Yes, the rare classical attestation of translator provides a handy term for those who'd like to use it, but it doesn't give license to substitute it for interpres where Latin authors have preferred interpres. At the moment, the quaerere box shows that Vicipaedia has fifty instances of interpres, but only two of translator (plus six of translator used in English contexts). IacobusAmor 14:43, 29 Augusti 2008 (UTC)[reply]
I find myself agreeing with Iacobus on this one. Latin uses interpres for both interpreters and translators, while translator is pretty rare and late. For good reason: Even though the skills required for these two tasks are certainly not identical, they do overlap a good deal; and it is not entirely uncommon that one person is capable of performing both. This is why even in German, where two separate terms (Übersetzer and Dolmetscher) are available, everyday usage frequently confuses them. Speakers of modern Arabic, e.g., have to make do with a single term (mutarǧim) just like the Romans. I would therefore prefer to keep interpres for both functions, and to use circumlocution (e.g. interpres colloquii vs. qui scripta in alios vertit sermones) in cases where clarification is actually necessary.--Ceylon 23:05, 30 Augusti 2008 (UTC)[reply]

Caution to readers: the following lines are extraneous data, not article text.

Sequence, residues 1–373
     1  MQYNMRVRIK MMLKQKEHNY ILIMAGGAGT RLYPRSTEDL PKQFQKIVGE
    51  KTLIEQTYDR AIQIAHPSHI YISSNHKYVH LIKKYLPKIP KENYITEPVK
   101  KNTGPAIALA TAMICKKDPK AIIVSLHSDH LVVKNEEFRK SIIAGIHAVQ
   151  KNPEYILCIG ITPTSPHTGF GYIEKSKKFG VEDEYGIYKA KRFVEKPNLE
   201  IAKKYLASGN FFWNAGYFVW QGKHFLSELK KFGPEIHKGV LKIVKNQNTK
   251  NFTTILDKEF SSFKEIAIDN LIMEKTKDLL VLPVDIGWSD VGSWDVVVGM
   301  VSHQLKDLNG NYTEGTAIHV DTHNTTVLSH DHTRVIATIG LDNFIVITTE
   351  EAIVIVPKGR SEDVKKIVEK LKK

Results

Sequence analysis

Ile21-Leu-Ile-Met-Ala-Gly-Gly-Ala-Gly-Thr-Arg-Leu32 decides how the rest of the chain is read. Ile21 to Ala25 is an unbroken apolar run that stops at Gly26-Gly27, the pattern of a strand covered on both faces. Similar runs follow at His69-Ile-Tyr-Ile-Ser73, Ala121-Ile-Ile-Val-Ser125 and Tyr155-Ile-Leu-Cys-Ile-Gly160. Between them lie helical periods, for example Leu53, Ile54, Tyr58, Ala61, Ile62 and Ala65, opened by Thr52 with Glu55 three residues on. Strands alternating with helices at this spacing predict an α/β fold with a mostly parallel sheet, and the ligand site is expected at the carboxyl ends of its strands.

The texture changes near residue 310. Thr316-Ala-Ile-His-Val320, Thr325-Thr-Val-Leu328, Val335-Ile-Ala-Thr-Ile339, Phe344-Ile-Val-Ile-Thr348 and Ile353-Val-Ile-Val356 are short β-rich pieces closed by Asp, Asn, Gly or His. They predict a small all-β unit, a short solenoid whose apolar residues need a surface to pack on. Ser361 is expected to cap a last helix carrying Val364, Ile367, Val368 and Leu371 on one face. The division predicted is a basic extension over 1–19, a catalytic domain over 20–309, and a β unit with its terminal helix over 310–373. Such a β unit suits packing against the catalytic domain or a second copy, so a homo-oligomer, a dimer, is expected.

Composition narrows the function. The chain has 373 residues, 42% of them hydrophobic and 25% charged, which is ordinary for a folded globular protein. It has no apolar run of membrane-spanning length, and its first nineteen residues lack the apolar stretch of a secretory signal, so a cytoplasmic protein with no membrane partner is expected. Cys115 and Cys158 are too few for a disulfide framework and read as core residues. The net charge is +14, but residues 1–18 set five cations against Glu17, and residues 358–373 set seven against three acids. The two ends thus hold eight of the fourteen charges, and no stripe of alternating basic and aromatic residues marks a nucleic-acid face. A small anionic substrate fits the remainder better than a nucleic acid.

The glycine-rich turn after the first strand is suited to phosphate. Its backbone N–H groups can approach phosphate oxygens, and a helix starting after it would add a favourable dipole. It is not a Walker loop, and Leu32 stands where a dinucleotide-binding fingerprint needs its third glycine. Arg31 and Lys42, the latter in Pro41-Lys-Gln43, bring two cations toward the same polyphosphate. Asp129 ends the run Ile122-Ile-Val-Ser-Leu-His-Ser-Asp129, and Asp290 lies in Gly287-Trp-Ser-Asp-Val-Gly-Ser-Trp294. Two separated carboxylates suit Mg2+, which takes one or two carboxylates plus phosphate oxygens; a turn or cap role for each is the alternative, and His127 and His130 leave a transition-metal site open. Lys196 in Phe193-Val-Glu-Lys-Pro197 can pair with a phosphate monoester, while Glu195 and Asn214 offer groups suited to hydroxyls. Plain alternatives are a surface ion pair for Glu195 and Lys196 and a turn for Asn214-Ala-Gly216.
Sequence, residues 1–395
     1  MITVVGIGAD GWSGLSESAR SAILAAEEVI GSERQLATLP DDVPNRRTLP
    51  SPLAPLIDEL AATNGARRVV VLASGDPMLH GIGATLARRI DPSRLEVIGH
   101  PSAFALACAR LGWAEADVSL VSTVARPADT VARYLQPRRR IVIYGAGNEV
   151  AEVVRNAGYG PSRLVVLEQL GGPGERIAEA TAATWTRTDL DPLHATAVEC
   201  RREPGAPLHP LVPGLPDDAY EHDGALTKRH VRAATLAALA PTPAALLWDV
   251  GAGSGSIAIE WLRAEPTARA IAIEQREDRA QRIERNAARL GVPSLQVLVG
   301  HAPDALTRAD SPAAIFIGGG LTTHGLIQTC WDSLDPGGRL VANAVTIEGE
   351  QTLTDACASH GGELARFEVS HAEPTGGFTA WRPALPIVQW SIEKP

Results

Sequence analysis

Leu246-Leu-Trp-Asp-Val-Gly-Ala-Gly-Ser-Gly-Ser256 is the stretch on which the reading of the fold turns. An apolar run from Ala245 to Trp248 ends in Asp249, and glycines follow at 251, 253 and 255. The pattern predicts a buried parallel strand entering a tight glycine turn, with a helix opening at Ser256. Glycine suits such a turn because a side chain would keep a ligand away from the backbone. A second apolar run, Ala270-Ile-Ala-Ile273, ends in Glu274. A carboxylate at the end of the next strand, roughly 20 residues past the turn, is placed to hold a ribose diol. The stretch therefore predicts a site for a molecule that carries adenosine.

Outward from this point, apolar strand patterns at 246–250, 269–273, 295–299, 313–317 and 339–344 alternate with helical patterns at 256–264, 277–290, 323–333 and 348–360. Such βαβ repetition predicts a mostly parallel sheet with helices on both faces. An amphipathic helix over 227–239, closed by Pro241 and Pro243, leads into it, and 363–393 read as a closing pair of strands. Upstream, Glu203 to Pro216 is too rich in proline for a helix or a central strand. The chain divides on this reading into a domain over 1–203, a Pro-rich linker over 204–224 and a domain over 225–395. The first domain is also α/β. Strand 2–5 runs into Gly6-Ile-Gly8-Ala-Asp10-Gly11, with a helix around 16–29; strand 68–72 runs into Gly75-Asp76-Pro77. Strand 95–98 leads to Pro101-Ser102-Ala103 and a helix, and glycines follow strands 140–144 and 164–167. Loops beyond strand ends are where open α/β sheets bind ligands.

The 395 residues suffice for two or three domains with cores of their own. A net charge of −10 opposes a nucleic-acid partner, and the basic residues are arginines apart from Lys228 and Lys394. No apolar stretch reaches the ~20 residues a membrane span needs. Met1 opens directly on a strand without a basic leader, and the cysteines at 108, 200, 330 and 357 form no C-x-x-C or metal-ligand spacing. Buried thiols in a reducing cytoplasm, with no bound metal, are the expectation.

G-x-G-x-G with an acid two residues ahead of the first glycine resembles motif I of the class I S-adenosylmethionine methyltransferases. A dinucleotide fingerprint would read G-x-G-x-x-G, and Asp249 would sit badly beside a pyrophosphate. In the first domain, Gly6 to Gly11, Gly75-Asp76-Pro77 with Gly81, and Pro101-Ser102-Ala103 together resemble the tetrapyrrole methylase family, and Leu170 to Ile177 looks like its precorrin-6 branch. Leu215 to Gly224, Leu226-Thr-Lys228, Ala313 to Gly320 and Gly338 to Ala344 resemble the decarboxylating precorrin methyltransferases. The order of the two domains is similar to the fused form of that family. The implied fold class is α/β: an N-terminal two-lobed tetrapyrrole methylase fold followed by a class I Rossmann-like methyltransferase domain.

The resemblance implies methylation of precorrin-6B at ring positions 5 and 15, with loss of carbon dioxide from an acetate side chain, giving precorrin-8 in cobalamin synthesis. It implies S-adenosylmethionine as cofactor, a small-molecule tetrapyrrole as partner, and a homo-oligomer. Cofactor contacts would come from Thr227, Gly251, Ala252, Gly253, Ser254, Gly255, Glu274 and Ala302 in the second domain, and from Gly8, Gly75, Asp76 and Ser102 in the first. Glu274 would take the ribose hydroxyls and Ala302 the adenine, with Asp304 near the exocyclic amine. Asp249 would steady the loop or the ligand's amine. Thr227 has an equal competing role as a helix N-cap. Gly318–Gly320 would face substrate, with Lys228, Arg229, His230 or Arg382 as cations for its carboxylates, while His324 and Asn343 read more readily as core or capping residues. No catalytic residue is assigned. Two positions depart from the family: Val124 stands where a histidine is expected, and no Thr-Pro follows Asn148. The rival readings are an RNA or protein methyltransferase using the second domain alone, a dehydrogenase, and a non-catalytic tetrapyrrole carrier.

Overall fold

I agree that everyday usage tends to confuse Übersetzer and Dolmetscher, nor do I deny occasional overlapping. My pov isn't everyday usage but translation science (Übersetzungswissenschaft, Translatorik), where 'Übersetzen' / 'translation' and 'Dolmetschen' / 'interpretation' are kept apart for obvious functional reasons. How would you "interprete" in Latin: "Im Unterschied zum Übersetzer, der seinen Zieltext mehrfach überarbeiten oder redigieren kann, ist der Dolmetscher an die konkrete Gesprächssituation gebunden und kann den Zieltext nicht korrigieren" ? --Neander 01:19, 31 Augusti 2008 (UTC)[reply]